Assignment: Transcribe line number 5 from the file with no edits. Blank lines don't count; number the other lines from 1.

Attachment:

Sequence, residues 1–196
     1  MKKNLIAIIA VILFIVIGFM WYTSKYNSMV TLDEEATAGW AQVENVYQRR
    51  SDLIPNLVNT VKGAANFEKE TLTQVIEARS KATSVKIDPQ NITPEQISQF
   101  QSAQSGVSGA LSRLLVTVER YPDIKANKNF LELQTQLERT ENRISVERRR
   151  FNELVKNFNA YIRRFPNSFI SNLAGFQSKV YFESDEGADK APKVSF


   151  FNELVKNFNA YIRRFPNSFI SNLAGFQSKV YFESDEGADK APKVSF